1001 Albums You Must Die Before You Hear
#15: Nicky Wire – I Killed The Zeitgeist (2006)
Why did the Manic Street Preachers let Nicky Wire out to sing so horrendously on his solo disc? MATT KELLY can only sigh.
Vocals. They’re a funny thing. Magazine are one of my favourite bands ever and I’ll be the first to admit that frontman Howard Devoto is a bad singer, yet his lack of melodic gifts are compensated for by his captivating, sneakily theatrical line-readings and the rich, unpredictable inventiveness of the band’s music.
Manic Street Preachers’ bassist Nicky Wire’s one and only solo album is the inverse of this.
Anyone who survived ‘Wattsville Blues’ on 2001’s Know Your Enemy knows Wire can’t sing. I mean really can’t sing. A tuneless, annoying dirge of a voice, the second he starts amateurishly droning his way through the opening title track, you know you’re in trouble.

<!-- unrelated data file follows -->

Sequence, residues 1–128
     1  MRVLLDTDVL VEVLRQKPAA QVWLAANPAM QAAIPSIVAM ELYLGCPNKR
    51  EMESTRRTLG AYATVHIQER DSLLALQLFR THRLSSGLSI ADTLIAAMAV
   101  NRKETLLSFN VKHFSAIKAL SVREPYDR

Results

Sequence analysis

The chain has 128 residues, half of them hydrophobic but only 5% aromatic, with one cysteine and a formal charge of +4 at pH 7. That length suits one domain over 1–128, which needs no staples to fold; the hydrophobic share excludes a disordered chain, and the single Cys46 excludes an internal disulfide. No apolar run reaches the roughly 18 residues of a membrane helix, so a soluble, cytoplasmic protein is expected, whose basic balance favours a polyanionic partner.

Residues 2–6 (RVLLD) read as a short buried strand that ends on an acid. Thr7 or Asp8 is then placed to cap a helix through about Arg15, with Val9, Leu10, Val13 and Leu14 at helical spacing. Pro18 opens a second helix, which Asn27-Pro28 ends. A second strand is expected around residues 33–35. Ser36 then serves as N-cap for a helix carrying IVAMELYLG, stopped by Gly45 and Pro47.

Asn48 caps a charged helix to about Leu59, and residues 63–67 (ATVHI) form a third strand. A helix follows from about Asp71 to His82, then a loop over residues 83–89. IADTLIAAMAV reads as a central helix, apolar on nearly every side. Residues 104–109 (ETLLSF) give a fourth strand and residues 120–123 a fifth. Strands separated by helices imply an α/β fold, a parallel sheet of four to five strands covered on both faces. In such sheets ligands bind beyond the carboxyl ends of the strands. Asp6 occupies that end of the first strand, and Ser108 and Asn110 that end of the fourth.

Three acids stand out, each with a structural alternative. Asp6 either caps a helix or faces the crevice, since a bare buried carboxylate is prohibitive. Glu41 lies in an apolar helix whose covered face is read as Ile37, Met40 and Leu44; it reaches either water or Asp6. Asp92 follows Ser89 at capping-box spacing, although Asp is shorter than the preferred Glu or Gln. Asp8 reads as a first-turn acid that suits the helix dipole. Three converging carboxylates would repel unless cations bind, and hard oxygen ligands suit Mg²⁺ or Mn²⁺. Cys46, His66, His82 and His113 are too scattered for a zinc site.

“It’s an aesthetic” you might say, or possibly, “He’s a lyricist, not a singer.” Well, he’s singing here and deliberate aesthetic or not, he sounds terrible, his disinterest in hitting notes and prominent place in the mix causing much of the album to become flat and samey.
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It’s up to the music to save the day but it’s disappointingly meh: bland indie rock that is neither noisy nor catchy enough. There are some lyrically poignant moments such as ‘Goodbye Suicide’ but Wire’s ability to occasionally turn out a golden line doesn’t come close to compensating for what a dreary listen this is.
Though I will say that a bassist’s decision to not have any bass at all on his solo album is pretty hilarious.